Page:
Managing pH and total alkalinity levels are essential for achieving optimum spa water chemistry balance. Correct spa water pH levels keep your bathers safe, and prevent cloudiness and scale deposits. In this guide we'll outline how you can do this to keep your spa water pH levels between the ideal range.
On the Spa water pH scale, 7 is perfectly neutral water. pH Levels lower than 7 are more acidic, and those higher than 7 are more basic. If you water pH varies too far on either side of 7, you can experience potentially water for your bathers or damaging water for your spa equipment.
Highly acidic water (pH levels lower than 7) reduce the effectiveness of our Spa Sanitiser. Lower Ph levels also mean you are running the risk of exposing your bathers to harmful bacteria. Lower Ph levels can also be damaging to your spa hardware.
With acidic water (low pH), we add acids to lower the pH level.
High Spa water Ph levels are not ideal either and will lead to problems. You will experience water that is not adequately sanitised and this can lead to unsafe bacteria levels and calcium build up in the surfaces of your spa and cloudy water.
With basic water (high pH), we add alkaline chemicals to increase the pH level.
Total alkalinity (TA) is a measure of concentrated alkaline substances dissolved in the Spa water. We need to measure and adjust TA levels before we tackle pH levels because total alkalinity contributes to keeping pH levels stable.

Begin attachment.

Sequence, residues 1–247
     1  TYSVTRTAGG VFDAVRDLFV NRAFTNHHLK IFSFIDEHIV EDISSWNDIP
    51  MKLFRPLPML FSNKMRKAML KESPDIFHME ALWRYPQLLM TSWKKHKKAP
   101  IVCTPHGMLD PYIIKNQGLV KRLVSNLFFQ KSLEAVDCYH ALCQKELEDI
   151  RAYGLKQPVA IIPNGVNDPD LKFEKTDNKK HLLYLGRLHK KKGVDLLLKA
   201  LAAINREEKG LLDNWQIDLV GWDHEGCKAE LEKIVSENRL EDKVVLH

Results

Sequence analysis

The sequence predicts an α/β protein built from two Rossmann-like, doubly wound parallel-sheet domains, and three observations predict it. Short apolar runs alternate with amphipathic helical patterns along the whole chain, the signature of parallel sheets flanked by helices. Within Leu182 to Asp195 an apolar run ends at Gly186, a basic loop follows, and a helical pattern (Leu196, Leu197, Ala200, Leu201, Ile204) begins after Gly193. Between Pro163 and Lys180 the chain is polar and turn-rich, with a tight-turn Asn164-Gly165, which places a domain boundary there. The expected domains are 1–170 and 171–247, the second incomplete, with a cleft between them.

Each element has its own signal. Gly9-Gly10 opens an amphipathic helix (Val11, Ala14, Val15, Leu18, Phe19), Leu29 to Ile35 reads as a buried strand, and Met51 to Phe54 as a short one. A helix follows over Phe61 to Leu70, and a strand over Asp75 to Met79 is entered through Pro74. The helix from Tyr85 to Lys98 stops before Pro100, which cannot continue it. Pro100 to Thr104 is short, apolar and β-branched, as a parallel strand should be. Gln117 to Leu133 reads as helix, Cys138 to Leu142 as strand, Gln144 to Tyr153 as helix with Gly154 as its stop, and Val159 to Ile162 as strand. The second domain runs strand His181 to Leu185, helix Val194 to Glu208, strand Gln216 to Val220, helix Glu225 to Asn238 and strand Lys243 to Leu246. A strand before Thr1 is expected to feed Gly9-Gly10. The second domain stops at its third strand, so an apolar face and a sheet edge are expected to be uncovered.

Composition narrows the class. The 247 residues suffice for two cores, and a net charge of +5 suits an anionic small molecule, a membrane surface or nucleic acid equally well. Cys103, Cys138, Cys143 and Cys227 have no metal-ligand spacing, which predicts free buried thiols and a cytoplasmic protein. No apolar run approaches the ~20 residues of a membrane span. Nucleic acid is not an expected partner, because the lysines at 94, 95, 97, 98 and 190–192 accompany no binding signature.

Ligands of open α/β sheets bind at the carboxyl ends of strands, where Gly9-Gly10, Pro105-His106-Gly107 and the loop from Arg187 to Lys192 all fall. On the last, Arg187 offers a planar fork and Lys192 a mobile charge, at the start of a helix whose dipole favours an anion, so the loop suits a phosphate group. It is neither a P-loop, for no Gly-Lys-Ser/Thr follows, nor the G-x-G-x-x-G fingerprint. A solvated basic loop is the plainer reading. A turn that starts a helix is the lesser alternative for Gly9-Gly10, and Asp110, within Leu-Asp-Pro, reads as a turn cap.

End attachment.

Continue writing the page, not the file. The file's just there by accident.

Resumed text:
The reason we measure and adjust TA levels before we tackle pH levels is that total alkalinity contributes to keeping pH levels stable.
The ideal total alkalinity measure is between 100 and 150 parts per million (ppm). If it's outside this range, add alkalinity increaser in small doses to move the TA into the optimal range, which can often correct the waters pH level as well.
Just remember that adjusting pH (increasing or decreasing will most likely also affect total alkalinity. So it's a balancing act.
If you find your spa water pH is all over place, the simplest solution can be to drain your spa water and start fresh. If you choose the option it's a good idea to run pipe cleaner through your spa the day before you drain the water. This will clean your spas pipes and eliminate contaminants that can negatively affect your water chemistry. It's also a good idea to clean your spa shell and filters during this process.
Remember also to use a hose filter when topping up your spa water (or refilling it). Hose filters keep metals and other contaminants out of the water in the first place.
Maintaining optimum water balance and clean pipes and filters will pay off over and over again. You can head off most chemistry problems that an wreak havoc on your bathers and your spa equipment.
Also it is best practice to change the spa water completely at least every three or four months. This will prevent having to struggle to to balance poorly balance water in the first place.